Our guest blogger for this session is Valeria Scotti. Valeria works in the Service of Scientific Documentation at the Fondazione IRCCS Policlinico in Pavia, where she lectures on courses on bibliometric indicators and database management.
Today, the conference opened with an important debate on the relationship between altmetrics and the publisher using altmetrics in their platforms. As a librarian in my daily work I meet publishers with whom we have a subscription and their thinking is: “but my journals are the best!” It was great to see them in succession at the same table to present their projects applied to alternative metrics.
Timo Hannay of Digital Science opened the session a with a brief introduction. He pointed out that the metrics related to only journals highlight only one dimension of the impact. Futhermore the metrics related to the article level are “much more than metrics”.
After introducing himself Hans Zijistra illustrated the work done by Elsevier in the field of altmetrics. His presentation was very interesting for me: he spoke of passion and enthusiasm, to bring to bridge the communication gaps between old and new researchers about the issue of alternative metrics. For him Altmetrics are: “another angle of paper not the only way to impact”. This is a very important aspect in those who, like me, are trying to introduce the existence of altmetrics in their institutions. Hans points out how often the term Altmetrics “confuses people”. He suggested to promote, educate, explore these metrics and make them known to scientists with a “holistic approach”. But, in the meantime, what do Elsevier do? They have been running a pilot across Scopus and ScienceDirect in which they are testing different versions of the Altmetric donut, and soon will be announcing further developments soon. At the end of his presentation, Hans has highlighted the importance of quality over quantity, and than when you click the donut to reveal the full original data, Almetrics becomes “more sexy”!
Jennifer Lin brought the experience of open access publishers. PLOS was the first publisher that introduced article level metrics for their journals. She started her presentation with an Albert Einstein citation: “Not everything that can be counted counts, and not everything that counts can be counted”. Jennifer revealed how to construct such a system of metrics is very difficult. Researchers want to find the relevant papers, the most bookmarked, and navigate through the literature. In the other words, what happens behind the numbers and the data, is altmetrics. PLOS is focusing on the article usage by subject area and the use across all the materials. The future development of the Article Level Metrics,-ALM- for PLOS will be to tell the “stories behind the articles, and stories across article features”.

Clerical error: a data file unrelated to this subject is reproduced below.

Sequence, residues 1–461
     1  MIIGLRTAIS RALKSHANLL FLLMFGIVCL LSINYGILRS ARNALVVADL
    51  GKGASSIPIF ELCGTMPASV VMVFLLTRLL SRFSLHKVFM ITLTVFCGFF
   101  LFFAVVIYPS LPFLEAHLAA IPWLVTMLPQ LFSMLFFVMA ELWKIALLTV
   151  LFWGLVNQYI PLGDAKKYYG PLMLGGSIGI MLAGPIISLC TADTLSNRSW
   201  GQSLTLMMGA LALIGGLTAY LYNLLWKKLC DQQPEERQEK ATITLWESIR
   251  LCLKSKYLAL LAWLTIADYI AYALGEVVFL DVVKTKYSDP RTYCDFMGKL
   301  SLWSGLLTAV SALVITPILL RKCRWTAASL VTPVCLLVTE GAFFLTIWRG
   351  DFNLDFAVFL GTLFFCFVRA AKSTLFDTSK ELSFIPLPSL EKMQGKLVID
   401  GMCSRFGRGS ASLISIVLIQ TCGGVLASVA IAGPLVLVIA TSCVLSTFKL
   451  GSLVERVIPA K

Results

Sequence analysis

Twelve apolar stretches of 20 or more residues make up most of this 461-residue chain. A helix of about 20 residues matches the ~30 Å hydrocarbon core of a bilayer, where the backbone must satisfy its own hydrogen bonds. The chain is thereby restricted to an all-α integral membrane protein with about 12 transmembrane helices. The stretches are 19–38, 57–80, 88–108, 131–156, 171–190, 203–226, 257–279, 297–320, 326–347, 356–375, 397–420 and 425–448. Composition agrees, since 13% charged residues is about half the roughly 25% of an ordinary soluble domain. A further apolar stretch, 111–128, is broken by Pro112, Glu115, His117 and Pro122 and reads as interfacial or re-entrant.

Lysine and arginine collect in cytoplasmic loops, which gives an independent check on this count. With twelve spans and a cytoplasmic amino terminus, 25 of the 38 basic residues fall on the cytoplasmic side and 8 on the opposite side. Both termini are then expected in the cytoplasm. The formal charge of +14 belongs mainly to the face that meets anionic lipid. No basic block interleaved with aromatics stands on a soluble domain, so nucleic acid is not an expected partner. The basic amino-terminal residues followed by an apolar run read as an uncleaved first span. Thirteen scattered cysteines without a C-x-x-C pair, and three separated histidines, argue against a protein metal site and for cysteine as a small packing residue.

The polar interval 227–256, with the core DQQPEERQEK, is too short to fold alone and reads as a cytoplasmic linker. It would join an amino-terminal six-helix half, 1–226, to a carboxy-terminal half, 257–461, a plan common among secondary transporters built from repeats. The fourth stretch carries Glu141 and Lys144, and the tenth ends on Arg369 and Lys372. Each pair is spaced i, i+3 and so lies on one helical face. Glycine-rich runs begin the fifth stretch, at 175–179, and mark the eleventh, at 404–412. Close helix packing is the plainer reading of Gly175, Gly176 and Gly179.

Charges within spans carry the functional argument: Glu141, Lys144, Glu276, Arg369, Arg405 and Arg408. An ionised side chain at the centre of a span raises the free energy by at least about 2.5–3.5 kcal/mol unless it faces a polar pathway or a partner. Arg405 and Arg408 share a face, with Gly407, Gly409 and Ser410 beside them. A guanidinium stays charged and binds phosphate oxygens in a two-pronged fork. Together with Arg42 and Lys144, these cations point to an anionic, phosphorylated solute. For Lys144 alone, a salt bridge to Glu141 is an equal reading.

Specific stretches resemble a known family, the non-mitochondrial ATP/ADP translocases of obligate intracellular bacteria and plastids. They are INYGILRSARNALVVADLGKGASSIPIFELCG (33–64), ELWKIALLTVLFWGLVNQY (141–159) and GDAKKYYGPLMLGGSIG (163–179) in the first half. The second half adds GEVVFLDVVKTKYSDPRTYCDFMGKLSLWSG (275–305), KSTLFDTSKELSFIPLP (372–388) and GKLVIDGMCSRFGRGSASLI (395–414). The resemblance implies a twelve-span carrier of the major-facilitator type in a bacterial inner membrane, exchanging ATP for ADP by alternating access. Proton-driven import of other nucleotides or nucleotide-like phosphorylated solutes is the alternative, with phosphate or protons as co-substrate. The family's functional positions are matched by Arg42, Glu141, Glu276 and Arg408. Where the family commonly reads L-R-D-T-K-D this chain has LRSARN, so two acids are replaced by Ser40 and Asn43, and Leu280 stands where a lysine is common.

Martijn Roelandse talked about the Springer and BioMed Central experience. He started with an important question: which counts more: an article with 0 citation but published in a top ten journal, or an article published in lower-impact factor journal but with many citations? In the same way, is more important if an article has many citations, or an article with a lot of downloads? Hard to answer! Springer has compiled a list of the top article downloads for 2013 – what they found was that the most downloaded articles belong to journals without Impact Factors. What Martijn proposed about the idea of the evolution of metrics was interesting: beginning with article level metric, passing by journal metric, until finally reaching person level metric. In another words, a different way to look at the scientific community.
Last but not least, Ian Mulvany gave the eLife perspective. Firstly, he spoke about the project and the mission that characterizes eLife. Secondly he explained the platform and the work done. A very important aspect was the platform host and the bugs that complicated the visualization of the portal making it “a black box” without data. But don’t worry: they have changed their platform host and now e-life is running with a new version of LAGOTTO platform (on the basis of PLOS ALM). In this way they have solved the problem of black box and provide usage data. In the future e-Life-aims to have its own local repository of data and with a project call DET they will be able to provide own metrics.
For years the aim of the Publisher was to maximize the impact factor of their journals. The revolution continues! It will be interesting to observe how publishers adopt alternative metrics to encourage the growth of science and knowledge.